By staff & agencies

Saudi Arabia, UAE, Egypt, Bahrain cut ties to Qatar

June 6, 2017 - 5:0

Saudi Arabia, the United Arab Emirates, Egypt , Bahrain, Yemen and the Maldives say they are severing diplomatic relations with Qatar.

The Saudi kingdom made the announcement via its state-run Saudi Press Agency early on Monday, saying it was taking action for what it called the protection of national security.

The news agency released a statement in which it accused Qatar of "harboring a multitude of terrorist and sectarian groups that aim to create instability in the region".

The three Persian Gulf states gave Qatari visitors and residents two weeks to leave their countries, Reuters news agency reported.

Saudi also closed the border and halted air and sea traffic with Qatar, urging "all brotherly countries and companies to do the same".

The statement appeared to be timed in concert with an earlier announcement by Bahrain, which was similarly cutting ties and halting air and sea traffic between the two countries.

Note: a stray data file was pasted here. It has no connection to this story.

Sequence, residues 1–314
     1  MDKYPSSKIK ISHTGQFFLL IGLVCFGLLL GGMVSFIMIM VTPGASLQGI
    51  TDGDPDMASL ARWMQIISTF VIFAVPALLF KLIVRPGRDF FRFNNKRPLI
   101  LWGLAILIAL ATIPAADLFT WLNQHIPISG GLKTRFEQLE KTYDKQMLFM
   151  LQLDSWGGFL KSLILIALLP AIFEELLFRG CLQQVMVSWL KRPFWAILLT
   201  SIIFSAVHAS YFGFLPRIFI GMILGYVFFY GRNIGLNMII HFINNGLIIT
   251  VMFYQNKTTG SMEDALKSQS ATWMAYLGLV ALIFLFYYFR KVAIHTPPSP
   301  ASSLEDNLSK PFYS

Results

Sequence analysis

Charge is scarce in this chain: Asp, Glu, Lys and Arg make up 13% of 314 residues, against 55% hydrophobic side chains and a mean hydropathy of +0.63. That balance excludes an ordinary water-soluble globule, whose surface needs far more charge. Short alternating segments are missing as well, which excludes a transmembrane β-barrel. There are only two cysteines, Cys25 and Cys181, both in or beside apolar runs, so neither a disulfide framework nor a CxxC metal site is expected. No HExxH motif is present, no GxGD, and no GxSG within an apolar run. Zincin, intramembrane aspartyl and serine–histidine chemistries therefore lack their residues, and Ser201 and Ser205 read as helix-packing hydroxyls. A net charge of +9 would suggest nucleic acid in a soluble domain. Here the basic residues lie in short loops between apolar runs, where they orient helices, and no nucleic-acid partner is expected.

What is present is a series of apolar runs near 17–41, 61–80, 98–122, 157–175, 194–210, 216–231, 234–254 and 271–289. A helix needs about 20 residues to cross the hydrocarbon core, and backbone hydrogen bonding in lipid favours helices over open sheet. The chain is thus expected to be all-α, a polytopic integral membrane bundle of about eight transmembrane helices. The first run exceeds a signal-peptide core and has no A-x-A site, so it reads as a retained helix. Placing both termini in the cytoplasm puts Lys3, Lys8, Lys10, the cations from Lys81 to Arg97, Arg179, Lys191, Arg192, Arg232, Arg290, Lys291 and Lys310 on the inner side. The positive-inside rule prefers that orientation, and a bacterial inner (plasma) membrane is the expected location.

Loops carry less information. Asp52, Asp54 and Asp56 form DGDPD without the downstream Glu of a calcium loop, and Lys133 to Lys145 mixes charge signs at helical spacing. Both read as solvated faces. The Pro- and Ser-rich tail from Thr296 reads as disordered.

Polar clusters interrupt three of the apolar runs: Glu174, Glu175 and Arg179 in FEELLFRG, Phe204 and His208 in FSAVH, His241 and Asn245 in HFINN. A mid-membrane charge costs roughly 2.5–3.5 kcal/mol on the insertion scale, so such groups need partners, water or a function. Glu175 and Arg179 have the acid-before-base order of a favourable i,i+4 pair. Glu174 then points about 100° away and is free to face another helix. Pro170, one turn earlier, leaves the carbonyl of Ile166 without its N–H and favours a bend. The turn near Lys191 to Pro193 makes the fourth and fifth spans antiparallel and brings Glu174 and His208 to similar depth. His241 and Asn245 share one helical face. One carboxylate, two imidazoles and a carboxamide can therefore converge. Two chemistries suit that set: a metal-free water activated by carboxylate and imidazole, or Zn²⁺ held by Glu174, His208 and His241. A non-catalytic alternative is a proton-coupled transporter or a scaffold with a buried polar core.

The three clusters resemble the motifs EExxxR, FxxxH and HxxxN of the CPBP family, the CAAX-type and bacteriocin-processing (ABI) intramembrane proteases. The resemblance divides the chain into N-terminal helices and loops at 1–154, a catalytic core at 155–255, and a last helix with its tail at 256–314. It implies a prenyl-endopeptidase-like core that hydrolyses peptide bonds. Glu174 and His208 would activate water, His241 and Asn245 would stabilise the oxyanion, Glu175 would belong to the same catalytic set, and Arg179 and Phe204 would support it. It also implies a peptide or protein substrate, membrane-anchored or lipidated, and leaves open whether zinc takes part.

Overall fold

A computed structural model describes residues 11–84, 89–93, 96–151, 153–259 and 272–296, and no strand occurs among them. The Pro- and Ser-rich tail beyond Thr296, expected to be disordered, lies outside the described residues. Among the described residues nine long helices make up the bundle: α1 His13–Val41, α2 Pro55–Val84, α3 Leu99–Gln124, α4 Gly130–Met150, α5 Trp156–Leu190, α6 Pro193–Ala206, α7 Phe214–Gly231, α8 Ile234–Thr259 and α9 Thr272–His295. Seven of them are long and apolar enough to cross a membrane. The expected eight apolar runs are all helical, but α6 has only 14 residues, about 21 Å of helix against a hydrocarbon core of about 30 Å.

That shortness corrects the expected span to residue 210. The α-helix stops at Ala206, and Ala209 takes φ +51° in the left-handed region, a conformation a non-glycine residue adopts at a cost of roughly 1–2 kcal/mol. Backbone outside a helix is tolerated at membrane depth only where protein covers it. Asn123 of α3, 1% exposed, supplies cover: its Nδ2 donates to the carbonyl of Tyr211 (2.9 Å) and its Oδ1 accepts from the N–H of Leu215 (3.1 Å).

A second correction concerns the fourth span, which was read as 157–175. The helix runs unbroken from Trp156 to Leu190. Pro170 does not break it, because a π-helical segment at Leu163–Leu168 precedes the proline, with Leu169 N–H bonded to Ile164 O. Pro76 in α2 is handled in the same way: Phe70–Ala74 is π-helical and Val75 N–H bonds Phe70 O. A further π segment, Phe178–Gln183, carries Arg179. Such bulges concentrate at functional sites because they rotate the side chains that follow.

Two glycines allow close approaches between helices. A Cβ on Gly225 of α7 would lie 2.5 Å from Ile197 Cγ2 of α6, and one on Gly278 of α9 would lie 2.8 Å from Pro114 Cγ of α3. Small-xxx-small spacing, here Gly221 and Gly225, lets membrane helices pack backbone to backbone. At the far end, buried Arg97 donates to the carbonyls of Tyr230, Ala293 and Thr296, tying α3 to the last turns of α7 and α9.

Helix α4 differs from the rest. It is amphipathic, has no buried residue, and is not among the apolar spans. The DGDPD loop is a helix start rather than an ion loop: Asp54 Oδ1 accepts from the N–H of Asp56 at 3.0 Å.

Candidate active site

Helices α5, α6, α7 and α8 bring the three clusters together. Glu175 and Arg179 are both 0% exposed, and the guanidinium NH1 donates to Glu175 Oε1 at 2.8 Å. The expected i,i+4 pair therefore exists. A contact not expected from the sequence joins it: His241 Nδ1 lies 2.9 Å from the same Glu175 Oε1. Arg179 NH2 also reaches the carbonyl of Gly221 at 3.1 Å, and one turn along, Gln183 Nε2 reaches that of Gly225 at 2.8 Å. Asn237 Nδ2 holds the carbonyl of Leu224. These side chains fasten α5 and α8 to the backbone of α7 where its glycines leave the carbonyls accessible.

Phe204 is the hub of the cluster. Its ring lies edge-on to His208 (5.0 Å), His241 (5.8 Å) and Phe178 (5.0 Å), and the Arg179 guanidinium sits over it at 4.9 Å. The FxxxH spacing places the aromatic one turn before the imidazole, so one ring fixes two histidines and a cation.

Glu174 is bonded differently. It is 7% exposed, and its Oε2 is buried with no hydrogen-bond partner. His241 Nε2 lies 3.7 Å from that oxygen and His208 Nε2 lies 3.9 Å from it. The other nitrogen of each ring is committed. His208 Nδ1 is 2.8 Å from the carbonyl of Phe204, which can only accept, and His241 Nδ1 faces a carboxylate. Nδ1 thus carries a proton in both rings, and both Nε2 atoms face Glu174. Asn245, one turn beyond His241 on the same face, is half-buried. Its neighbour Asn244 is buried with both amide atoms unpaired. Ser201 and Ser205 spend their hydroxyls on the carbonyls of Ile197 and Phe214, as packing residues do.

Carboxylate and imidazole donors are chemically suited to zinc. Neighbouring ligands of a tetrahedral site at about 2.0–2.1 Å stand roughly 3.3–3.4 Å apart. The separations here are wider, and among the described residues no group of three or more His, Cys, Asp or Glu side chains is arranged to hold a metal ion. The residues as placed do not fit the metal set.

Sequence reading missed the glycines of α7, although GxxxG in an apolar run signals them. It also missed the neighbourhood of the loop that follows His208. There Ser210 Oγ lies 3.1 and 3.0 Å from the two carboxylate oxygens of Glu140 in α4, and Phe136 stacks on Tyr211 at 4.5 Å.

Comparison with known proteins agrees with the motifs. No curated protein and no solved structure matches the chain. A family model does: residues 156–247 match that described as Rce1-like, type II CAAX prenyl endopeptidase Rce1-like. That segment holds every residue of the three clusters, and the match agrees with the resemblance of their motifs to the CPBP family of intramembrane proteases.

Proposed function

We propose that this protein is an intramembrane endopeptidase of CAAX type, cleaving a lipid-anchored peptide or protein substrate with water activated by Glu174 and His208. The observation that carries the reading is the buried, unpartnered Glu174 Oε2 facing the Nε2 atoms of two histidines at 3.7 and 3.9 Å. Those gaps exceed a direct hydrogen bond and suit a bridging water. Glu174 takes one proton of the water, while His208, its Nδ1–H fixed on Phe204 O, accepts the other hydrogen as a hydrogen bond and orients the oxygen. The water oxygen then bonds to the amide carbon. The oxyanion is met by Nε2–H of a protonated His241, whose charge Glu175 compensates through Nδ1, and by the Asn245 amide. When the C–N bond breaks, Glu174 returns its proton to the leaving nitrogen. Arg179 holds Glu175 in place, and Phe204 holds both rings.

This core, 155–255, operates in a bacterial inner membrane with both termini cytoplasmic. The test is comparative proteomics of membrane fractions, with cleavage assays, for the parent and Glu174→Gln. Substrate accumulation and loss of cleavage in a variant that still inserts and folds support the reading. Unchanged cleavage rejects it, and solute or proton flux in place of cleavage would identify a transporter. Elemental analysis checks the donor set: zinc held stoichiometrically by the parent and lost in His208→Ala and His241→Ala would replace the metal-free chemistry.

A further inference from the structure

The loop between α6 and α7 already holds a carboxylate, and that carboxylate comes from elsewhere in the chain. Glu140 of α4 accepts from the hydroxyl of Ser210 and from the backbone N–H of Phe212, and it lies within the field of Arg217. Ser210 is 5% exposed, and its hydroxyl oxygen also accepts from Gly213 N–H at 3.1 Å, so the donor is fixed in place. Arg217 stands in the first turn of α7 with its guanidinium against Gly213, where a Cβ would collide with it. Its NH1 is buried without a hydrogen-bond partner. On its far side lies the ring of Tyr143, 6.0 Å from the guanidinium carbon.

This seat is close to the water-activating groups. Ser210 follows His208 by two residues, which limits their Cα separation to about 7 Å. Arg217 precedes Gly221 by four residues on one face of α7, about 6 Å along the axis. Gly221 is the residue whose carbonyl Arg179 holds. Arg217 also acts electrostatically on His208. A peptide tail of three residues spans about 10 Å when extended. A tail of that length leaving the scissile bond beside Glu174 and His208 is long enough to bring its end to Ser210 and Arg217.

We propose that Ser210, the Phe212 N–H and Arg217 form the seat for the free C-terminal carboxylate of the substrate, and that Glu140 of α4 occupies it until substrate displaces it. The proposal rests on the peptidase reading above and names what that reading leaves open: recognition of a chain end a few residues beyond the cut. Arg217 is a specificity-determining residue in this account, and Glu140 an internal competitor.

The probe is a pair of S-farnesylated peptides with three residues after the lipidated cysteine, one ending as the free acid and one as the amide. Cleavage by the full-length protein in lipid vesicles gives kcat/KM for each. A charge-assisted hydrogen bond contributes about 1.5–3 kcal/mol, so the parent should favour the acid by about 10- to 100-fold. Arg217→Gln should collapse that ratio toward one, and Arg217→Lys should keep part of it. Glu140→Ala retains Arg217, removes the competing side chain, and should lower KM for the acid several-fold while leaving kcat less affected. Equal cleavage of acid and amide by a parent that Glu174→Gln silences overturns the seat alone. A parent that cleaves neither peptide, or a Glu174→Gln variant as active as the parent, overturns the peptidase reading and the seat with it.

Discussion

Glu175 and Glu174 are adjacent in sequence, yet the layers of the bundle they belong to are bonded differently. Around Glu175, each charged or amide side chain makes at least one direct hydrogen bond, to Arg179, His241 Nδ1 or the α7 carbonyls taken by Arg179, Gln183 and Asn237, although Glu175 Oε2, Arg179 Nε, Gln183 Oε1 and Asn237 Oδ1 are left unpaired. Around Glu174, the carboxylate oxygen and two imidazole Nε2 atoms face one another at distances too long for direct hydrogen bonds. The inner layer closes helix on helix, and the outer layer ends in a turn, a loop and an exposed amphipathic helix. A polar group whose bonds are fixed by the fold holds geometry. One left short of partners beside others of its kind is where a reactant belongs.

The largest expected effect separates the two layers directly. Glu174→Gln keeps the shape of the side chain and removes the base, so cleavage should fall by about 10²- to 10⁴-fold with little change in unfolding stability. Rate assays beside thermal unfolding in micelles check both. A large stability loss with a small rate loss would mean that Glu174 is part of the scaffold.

Qatar's foreign ministry said it regretted the measures by the Arab nations, calling the decisions "unjustified".

"The measures are unjustified and are based on claims and allegations that have no basis in fact," the statement said, adding that the decisions would "not affect the normal lives of citizens and residents".

"The aim is clear, and it is to impose guardianship on the state. This by itself is a violation of its [Qatar's] sovereignty as a state," it added.

Bahrain's foreign ministry issued a statement saying it would withdraw its diplomatic mission from the Qatari capital, Doha, within 48 hours and that all Qatari diplomats should leave Bahrain within the same period.